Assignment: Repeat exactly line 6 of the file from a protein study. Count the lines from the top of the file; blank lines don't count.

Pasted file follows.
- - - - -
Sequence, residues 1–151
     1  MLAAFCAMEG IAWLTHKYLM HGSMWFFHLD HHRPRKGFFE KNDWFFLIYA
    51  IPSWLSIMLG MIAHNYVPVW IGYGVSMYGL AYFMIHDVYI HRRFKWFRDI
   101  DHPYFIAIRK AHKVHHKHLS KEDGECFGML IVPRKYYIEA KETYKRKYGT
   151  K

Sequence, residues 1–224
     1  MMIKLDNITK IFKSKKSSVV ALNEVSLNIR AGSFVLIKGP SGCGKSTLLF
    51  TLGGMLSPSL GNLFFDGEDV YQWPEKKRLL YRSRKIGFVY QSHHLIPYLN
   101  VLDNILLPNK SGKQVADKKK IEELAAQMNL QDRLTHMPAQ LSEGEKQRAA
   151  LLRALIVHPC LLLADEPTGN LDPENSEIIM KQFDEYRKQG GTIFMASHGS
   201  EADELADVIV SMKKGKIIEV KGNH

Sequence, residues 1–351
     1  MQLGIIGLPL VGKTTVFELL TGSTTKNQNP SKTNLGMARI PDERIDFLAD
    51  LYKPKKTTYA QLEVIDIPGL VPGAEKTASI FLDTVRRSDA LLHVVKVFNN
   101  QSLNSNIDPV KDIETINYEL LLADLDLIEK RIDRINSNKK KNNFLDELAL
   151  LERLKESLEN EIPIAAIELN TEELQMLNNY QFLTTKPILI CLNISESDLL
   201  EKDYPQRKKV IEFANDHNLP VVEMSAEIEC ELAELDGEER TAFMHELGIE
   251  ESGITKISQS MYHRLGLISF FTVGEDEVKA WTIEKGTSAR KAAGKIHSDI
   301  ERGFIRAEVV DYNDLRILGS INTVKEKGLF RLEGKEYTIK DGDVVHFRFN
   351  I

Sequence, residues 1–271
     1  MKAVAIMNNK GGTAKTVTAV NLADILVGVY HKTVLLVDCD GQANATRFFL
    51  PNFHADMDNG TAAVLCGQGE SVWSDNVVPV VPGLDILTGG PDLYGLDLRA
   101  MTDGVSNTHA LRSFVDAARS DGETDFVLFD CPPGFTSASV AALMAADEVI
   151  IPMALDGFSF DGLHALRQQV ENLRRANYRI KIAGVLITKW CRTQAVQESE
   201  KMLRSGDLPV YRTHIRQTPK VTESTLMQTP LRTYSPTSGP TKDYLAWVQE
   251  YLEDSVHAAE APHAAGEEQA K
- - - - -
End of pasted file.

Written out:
Sequence, residues 1–224